The United States Constitution Vs. Anti Federalism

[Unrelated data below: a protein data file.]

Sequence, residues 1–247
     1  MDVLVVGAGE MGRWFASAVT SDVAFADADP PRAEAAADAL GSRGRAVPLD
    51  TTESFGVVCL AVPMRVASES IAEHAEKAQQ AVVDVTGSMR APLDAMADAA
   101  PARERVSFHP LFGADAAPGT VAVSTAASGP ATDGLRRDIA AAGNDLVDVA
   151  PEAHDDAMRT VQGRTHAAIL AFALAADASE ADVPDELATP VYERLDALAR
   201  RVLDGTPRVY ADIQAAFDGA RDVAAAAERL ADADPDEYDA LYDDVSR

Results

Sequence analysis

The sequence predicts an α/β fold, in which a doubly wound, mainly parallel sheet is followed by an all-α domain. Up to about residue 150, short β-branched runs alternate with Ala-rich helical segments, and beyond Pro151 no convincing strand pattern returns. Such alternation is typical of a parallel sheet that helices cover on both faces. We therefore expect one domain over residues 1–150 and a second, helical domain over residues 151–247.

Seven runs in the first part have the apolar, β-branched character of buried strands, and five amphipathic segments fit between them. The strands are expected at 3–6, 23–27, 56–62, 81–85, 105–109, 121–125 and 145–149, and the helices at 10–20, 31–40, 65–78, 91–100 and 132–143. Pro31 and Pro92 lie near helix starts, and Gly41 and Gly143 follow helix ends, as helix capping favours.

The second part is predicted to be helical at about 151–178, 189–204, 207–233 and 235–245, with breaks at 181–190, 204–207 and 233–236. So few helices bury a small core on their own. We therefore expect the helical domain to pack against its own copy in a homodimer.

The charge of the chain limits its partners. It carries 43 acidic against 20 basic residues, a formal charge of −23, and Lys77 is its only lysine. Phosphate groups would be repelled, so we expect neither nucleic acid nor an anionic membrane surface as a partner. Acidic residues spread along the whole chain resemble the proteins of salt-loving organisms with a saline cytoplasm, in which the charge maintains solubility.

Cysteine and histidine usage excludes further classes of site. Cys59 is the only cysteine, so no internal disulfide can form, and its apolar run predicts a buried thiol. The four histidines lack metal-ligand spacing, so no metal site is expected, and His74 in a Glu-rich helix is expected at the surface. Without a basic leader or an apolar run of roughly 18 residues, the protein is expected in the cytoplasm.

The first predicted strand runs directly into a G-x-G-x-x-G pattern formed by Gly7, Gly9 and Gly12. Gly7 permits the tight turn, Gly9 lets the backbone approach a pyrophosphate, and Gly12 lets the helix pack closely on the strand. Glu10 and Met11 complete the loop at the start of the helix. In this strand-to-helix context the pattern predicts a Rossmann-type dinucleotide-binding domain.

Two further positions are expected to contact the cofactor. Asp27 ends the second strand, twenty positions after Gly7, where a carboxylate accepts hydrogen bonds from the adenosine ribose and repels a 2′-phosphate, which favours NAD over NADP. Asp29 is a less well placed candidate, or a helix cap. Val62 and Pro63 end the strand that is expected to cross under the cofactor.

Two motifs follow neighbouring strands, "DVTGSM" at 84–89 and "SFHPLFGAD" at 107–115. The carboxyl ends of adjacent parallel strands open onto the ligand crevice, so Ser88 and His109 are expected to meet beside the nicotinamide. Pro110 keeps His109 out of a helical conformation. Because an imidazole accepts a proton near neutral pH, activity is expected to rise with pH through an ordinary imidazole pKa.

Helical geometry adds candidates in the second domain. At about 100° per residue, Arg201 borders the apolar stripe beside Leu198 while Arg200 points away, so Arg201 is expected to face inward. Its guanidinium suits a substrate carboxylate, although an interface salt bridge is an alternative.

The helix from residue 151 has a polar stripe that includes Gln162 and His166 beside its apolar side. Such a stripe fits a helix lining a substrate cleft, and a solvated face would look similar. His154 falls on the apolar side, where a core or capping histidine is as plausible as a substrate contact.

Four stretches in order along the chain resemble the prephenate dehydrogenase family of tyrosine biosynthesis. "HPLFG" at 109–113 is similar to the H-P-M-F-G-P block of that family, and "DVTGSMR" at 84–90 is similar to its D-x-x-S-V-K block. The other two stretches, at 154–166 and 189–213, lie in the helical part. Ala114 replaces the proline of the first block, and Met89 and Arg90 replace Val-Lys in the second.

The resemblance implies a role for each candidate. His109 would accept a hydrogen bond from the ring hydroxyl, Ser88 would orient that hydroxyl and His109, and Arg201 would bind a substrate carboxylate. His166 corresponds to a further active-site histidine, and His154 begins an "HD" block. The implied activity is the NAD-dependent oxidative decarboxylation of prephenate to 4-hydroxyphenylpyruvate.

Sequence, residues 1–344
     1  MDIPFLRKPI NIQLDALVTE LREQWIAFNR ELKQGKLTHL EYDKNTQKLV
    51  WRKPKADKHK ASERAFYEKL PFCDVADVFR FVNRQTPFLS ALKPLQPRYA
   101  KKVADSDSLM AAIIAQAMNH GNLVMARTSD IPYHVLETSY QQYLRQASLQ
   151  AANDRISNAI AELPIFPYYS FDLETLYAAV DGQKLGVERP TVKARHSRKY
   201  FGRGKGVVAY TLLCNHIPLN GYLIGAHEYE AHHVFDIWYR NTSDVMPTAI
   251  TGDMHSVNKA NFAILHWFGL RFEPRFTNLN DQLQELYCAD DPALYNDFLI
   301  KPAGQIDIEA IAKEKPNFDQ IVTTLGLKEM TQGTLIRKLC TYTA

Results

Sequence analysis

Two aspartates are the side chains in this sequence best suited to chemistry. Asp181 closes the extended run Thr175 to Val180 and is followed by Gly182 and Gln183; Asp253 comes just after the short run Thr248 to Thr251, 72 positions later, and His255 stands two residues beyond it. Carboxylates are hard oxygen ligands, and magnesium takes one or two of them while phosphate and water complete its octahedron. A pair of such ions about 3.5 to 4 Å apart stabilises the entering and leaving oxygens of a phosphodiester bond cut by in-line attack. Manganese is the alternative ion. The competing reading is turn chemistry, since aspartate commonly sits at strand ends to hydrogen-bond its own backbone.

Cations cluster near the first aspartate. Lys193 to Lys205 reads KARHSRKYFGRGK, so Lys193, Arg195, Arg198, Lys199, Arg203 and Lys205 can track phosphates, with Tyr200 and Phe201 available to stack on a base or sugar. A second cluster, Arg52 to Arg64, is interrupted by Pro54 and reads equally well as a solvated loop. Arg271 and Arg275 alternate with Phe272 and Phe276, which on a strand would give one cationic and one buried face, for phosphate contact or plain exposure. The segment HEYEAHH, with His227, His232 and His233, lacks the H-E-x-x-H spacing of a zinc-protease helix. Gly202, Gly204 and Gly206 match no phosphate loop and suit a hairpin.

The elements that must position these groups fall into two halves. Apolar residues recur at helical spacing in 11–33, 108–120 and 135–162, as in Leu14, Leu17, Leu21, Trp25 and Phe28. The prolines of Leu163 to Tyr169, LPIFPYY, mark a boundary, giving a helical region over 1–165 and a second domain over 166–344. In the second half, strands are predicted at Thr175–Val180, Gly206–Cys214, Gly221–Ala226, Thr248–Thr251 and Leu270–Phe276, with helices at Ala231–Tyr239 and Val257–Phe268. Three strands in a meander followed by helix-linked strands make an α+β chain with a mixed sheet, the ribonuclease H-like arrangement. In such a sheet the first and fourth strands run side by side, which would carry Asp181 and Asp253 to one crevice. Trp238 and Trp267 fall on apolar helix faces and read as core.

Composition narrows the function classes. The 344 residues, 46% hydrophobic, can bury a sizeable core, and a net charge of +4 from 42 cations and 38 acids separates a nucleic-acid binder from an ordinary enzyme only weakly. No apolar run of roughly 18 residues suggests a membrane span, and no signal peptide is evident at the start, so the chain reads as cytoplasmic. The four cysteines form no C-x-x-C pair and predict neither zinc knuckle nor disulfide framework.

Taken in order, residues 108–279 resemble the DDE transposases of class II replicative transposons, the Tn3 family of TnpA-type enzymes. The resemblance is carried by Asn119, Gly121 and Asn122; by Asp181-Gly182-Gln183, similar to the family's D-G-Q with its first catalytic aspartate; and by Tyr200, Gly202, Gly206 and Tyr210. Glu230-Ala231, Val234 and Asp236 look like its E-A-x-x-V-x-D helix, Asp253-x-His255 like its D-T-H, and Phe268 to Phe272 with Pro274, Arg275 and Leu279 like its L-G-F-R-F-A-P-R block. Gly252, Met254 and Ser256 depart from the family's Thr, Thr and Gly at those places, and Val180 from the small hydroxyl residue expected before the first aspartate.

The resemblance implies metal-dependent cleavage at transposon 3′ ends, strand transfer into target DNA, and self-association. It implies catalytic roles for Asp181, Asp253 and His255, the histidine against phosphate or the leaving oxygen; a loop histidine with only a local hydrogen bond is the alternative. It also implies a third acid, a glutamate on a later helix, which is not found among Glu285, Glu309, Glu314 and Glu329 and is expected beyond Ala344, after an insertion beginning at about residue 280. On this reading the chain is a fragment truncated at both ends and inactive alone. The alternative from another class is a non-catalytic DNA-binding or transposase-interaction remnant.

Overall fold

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The United States Constitution was written in 1787 during the Philadelphia Convention. This new document was meant to replace the older, weaker Articles of Confederation. This document became the foundation of America’s Government. But as times change so did the document, these changes are known as “Amendments”, the first ten being known simply as “The Bill of Rights”. These two unique sections of the constitution are similar yet serve different purposes. In the early stages of the founding of the United States the largest political issue was federalism vs anti-federalism. The federalist moving for a larger, stronger central government and the anti-federalists moving for a smaller more state oriented government. After the constitution was written many of the Anti-federalists felt that the constitution allotted for too much federal power and lacked emphasis on the rights of the individual. This is when representative and later president James Madison began to make corrections to the constitution. However, congress spoke out that the constitution could not be altered and so Madison’s corrections and additions were presented as seventeen amendments. His amendments were passed through the House and Senate and then on to the states, by the end only ten of Madison’s proposed amendments were ratified. These amendments later became known as the Bill of Rights. These ten rights were to grant the people certain undeniable rights as to prevent the government from slipping into

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